Don Juan 08-026 ~ 030

Don Juan 08-026
Canto the Eighth

I almost lately have begun to doubt
    Whether hell's pavement -- if it be so paved --
Must not have latterly been quite worn out,
    Not by the numbers good intent hath saved,
But by the mass who go below without
    Those ancient good intentions, which once shaved
And smooth'd the brimstone of that street of hell
Which bears the greatest likeness to Pall Mall.


Don Juan 08-027
Canto the Eighth

Juan, by some strange chance, which oft divides
    Warrior from warrior in their grim career,
Like chastest wives from constant husbands' sides
    Just at the close of the first bridal year,
By one of those odd turns of Fortune's tides,
    Was on a sudden rather puzzled here,
When, after a good deal of heavy firing,
He found himself alone, and friends retiring.


Don Juan 08-028
Canto the Eighth

I don't know how the thing occurr'd -- it might
    Be that the greater part were kill'd or wounded,
And that the rest had faced unto the right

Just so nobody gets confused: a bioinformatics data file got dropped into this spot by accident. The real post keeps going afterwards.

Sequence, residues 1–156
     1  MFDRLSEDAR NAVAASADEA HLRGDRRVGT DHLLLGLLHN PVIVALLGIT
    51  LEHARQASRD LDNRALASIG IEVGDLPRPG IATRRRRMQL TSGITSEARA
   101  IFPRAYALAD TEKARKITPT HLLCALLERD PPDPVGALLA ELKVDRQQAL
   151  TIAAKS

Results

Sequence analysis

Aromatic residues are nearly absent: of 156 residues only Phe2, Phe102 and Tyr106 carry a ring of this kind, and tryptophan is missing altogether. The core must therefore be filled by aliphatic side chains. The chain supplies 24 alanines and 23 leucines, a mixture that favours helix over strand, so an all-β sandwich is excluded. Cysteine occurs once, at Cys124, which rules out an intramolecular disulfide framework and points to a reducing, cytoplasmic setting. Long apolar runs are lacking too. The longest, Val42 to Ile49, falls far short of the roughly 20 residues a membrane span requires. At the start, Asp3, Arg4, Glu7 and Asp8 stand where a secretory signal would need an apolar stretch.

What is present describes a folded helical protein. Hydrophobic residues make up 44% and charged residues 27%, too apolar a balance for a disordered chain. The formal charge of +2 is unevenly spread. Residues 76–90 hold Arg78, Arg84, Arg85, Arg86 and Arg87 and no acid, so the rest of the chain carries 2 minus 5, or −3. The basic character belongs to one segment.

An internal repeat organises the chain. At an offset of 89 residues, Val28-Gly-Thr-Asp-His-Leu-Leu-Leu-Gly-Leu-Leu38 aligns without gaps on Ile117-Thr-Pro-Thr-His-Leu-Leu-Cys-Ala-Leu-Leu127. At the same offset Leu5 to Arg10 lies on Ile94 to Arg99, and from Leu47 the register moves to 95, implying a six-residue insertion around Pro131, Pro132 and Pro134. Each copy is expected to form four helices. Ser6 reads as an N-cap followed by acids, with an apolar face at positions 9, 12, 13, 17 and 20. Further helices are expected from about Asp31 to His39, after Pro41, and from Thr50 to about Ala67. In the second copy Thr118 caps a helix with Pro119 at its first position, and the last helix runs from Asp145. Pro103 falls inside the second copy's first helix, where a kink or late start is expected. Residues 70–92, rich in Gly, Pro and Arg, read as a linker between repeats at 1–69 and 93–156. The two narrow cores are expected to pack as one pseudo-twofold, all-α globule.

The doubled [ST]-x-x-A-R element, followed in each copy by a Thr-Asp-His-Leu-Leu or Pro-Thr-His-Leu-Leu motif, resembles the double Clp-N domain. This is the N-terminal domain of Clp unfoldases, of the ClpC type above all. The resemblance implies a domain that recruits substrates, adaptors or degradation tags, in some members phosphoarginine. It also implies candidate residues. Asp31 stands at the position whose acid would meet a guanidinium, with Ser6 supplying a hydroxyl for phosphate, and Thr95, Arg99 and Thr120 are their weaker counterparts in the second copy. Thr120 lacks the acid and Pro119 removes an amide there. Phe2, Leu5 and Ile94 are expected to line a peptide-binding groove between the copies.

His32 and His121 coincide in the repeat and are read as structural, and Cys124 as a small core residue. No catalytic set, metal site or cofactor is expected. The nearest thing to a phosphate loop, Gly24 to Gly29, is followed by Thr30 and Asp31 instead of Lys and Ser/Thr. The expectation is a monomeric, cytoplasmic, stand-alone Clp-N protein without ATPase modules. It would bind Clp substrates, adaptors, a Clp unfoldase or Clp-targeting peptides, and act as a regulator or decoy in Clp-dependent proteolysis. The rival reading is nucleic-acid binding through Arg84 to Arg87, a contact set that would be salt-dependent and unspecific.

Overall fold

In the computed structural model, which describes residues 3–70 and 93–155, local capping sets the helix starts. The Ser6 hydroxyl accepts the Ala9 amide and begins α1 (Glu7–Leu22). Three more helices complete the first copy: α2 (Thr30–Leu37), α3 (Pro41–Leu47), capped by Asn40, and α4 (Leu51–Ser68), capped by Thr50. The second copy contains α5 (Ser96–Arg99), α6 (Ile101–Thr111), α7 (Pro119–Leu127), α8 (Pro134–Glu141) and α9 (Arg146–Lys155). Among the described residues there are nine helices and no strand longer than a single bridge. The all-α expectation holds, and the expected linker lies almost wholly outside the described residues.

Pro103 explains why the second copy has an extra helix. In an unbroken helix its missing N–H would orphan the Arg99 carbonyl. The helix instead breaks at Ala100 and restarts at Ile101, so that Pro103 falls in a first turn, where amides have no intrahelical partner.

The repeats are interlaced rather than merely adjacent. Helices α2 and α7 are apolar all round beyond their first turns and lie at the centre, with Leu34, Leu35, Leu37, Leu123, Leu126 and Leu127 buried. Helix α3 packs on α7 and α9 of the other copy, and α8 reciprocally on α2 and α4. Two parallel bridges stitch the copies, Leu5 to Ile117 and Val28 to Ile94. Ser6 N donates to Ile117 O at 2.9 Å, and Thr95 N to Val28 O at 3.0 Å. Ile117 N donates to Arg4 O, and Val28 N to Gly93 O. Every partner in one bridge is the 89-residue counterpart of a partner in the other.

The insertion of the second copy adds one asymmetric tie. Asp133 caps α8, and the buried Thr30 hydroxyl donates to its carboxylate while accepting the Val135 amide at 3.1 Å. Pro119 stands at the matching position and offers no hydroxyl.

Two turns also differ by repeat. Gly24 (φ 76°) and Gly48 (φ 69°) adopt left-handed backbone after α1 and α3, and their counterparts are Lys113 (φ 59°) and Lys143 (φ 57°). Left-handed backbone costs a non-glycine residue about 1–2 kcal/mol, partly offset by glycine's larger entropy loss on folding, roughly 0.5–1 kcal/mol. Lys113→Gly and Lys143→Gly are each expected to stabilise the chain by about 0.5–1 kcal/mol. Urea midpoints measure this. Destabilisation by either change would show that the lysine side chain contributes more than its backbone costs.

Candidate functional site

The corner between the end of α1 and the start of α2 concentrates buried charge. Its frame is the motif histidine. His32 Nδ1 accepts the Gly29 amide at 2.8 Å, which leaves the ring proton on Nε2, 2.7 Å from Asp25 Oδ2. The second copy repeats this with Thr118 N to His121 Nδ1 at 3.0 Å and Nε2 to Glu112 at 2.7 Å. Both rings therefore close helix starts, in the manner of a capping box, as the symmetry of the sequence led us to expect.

About; a circumstance which has confounded
Caesar himself, who, in the very sight
    Of his whole army, which so much abounded
In courage, was obliged to snatch a shield,
And rally back his Romans to the field.


Don Juan 08-029
Canto the Eighth

Juan, who had no shield to snatch, and was
    No Caesar, but a fine young lad, who fought
He knew not why, arriving at this pass,
    Stopp'd for a minute, as perhaps he ought
For a much longer time; then, like an as
    (Start not, kind reader; since great Homer thought
This simile enough for Ajax, Juan
Perhaps may find it better than a new one) --


Don Juan 08-030
Canto the Eighth

Then, like an ass, he went upon his way,
    And, what was stranger, never look'd behind;
But seeing, flashing forward, like the day
    Over the hills, a fire enough to blind
Those who dislike to look upon a fray,
    He stumbled on, to try if he could find
A path, to add his own slight arm and forces
To corps, the greater part of which were corses.

George Gordon Byron, Lord Byron (1788-1824)